In the do-whatcha-gotta-do category, he realized with dismay one day that a substantial section of a hedge on the midway was dead and it was too late to order a replacement.

“So we spray-painted the hedge green. It was so dense, I’ll bet not one out of a thousand people realized it was a dead hedge.”

Two New Offerings at Cedar Point: Rock Band, Live and a Breakfast with the PEANUTS Characters

Cedar Point Press Release

SANDUSKY, Ohio, May 29 — Beginning next weekend, there will be even more to do at Cedar Point.  Musically inclined guests have a chance to become a rock star while early risers will be able to have breakfast with their favorite PEANUTS characters.

On Saturday, June 5, Rock Band, Live will premiere in the Jack Aldrich Theatre, near the front of the park.  One of five new shows that will be introduced at the Sandusky, Ohio, amusement park/resort this summer, Rock Band, Live will be a real-life version of Rock Band®, the popular video game produced by MTV Games.

Before each show, guests will be able to display their talent on the drums, guitar or bass guitar to win a chance to perform in one of the Rock Band, Live shows throughout the day.  Winners will be chosen before each show and will receive a backstage pass and perform on stage with the Rock Band, Live cast members.

In celebration of the Rock Band, Live premiere, Cedar Point will be hosting a competition for guests and Facebook visitors alike to become the Rock Band, Live Champion and be the first guest performers in the Rock Band, Live premiere show on Saturday, June 5.

Monday through Wednesday, May 31 to June 2, a Facebook drawing will be held to choose six groups at random to compete in the Rock Band, Live competition.  On Saturday, June 5, two groups of park guests will be chosen to challenge the Facebook winners for the title of Rock Band, Live Champion.  Winners will receive a VIP tour of Cedar Point, gift certificates from the Hard Rock Cafe and various other prizes.  For more information, please visit

Also beginning this weekend will be Breakfast Buffet with the PEANUTS Characters, a breakfast with your favorite PEANUTS characters at the Midway Market.  On Saturdays and Sundays beginning June 5, guests can dine with their favorite Peanuts characters from 8:30-10 a.m.  Characters will greet guests and visit each table to take pictures with the loveable characters.

For additional entertainment, the summer spectacular Hot Summer Lights: Fire Up the Night will open for the season on Friday, June 4.  Shows will be daily at 10 p.m., weather permitting.  This sensory experience showcases a combination of music, sound, light, video and pyrotechnics.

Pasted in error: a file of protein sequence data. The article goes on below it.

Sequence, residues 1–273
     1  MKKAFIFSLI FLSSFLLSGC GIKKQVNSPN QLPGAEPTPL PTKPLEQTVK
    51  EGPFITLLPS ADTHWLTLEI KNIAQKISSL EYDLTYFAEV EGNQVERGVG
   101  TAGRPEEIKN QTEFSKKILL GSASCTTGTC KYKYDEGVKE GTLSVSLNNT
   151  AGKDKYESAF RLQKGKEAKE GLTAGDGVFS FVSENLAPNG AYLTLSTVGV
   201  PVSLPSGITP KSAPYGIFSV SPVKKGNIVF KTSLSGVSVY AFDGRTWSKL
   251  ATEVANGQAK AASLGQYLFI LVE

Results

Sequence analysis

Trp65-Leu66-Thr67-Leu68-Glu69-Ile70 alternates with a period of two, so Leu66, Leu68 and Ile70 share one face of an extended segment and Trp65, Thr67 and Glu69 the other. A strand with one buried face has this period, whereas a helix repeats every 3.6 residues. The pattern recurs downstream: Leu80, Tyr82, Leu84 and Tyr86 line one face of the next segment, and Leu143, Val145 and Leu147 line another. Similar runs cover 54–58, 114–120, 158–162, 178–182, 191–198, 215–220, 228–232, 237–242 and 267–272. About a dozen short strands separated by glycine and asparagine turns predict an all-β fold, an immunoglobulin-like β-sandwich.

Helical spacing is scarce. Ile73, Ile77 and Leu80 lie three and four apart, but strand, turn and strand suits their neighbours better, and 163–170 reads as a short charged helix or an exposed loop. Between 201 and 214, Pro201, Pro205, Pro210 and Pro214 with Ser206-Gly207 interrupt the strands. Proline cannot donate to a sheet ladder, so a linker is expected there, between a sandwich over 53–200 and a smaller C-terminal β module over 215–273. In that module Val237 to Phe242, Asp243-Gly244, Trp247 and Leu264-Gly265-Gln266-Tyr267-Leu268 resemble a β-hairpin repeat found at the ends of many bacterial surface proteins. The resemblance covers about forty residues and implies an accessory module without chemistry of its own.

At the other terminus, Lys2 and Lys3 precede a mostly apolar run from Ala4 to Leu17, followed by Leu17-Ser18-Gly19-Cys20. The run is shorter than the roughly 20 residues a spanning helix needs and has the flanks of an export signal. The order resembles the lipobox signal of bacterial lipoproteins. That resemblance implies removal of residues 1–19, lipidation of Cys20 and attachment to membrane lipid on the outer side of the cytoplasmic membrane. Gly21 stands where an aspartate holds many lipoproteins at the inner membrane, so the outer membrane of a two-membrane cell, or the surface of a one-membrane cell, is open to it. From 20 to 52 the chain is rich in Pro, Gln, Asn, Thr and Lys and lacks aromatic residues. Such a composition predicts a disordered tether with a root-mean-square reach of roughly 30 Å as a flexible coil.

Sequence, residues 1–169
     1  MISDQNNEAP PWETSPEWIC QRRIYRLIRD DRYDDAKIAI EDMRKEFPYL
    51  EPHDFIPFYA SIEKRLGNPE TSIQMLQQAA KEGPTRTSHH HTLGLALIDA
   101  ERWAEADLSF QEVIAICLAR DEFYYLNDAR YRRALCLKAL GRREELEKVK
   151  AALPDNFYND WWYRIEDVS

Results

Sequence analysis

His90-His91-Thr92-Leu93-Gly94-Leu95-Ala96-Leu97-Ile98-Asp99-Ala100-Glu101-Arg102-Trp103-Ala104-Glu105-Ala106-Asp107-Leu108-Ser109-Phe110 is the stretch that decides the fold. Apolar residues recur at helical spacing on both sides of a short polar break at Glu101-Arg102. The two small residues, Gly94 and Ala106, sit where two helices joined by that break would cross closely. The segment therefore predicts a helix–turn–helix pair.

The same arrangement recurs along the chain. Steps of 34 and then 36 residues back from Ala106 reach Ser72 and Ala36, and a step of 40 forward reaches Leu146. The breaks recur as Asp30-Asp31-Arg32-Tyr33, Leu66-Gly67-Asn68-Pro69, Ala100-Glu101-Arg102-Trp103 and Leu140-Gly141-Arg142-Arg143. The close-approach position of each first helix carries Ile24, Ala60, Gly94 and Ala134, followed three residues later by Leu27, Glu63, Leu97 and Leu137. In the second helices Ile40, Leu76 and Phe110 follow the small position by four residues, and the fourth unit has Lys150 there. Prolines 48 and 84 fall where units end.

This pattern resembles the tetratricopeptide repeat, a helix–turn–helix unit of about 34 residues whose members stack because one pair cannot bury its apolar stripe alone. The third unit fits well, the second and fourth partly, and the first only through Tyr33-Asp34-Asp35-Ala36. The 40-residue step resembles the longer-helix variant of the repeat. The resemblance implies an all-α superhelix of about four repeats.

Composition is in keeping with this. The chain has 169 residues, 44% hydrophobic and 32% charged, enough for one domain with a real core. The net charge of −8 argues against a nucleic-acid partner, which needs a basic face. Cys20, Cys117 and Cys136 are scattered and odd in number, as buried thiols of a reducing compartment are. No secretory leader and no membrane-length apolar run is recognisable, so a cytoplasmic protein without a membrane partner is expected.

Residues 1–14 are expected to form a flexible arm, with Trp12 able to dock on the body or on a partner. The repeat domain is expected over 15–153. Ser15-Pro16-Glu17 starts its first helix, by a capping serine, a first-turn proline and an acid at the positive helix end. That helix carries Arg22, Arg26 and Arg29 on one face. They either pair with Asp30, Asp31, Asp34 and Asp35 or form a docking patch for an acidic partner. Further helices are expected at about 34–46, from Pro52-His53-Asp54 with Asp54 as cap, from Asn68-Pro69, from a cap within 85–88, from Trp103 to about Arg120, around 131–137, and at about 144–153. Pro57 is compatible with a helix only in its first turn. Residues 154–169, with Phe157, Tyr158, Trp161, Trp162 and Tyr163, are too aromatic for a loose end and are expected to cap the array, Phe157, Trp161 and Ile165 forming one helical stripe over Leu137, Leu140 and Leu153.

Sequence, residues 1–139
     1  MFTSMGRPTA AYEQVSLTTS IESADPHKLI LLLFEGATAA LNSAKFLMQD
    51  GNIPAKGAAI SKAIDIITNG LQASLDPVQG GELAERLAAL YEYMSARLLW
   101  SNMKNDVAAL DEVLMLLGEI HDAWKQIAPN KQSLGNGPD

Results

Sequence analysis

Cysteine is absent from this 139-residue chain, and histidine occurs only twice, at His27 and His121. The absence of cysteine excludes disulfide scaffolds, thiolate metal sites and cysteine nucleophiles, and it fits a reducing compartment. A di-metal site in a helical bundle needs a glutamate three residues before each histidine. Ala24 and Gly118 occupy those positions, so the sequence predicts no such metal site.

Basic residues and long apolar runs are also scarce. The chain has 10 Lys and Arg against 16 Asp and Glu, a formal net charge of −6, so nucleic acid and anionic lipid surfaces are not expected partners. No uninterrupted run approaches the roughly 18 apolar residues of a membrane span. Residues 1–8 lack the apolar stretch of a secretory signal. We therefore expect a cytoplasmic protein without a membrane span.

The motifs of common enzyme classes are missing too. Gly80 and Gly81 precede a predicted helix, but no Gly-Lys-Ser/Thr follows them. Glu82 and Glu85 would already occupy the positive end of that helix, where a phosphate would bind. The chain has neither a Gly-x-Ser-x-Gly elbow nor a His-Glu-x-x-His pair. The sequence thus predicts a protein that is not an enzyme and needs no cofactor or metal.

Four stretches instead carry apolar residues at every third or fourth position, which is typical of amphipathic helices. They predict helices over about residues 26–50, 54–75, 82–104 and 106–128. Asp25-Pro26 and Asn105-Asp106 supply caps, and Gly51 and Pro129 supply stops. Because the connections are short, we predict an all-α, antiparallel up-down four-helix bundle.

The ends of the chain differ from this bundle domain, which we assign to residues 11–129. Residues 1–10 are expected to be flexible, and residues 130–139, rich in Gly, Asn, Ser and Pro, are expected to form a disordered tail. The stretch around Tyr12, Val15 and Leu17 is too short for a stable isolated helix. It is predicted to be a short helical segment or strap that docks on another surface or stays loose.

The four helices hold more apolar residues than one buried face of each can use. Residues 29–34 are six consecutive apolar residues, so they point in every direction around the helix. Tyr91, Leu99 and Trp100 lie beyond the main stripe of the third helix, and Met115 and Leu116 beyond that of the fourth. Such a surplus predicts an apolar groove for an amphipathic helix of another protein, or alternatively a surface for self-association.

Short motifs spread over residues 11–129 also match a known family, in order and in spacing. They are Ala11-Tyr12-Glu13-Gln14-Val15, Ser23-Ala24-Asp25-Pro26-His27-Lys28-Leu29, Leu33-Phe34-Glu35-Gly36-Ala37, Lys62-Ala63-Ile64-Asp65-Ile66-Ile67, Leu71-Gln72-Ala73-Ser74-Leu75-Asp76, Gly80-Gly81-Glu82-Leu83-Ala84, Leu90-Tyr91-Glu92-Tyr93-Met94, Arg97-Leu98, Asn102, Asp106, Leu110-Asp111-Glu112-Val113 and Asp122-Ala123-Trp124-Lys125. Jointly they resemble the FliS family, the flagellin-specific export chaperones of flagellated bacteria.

Returning this season for its 22nd year will be CoasterMania. On Friday and Saturday, June 4-5, approximately 1,500 thrill-seekers will invade Cedar Point to challenge the park’s roller coasters, participate in exclusive tours and more.  On Friday evening, there will be a presentation from Walter Bolliger of Bolliger and Mabillard Consulting Engineers (B & M) who designed Cedar Point’s Raptor (1994) and Mantis (1996) coasters.

For more information about these special events, please visit or call the park’s General Information Line at 419.627.2350.

Shoot the Rapids Opening Delayed, Again

From Cedar Point’s Facebook…

Cedar Point has an official update on Shoot the Rapids. The ride will not open this weekend as planned. Our preopening procedures are taking longer than expected, but we anticipate it will open soon. We apologize for the delay, and we’ll let you know as soon as it’s open.

Cedar Fair: Financial roller coaster looks better in 2010

From the Sandusky Register


Cedar Fair is still carrying a big load of debt on its back, and the deal with Apollo Global Management that was supposed to remove that weight collapsed in April.

But Cedar Fair executives, who find themselves still running a publicly traded company, say they are moving quickly to fix the problem.

Cedar Fair hopes to announce a method for dealing with the company’s debt when it hosts its annual meeting at 9 a.m. June 7 at the Sandusky State Theatre, two top company executives say.

Dealing the company’s approximately $1.6 billion in debt has been the top priority ever since a deal for Apollo Global Management to acquire Cedar Fair fell through, said Dick Kinzel, Cedar Fair’s chairman, chief executive officer and president, and Peter Crage, Cedar Fair’s corporate vice president, finance, and chief financial officer.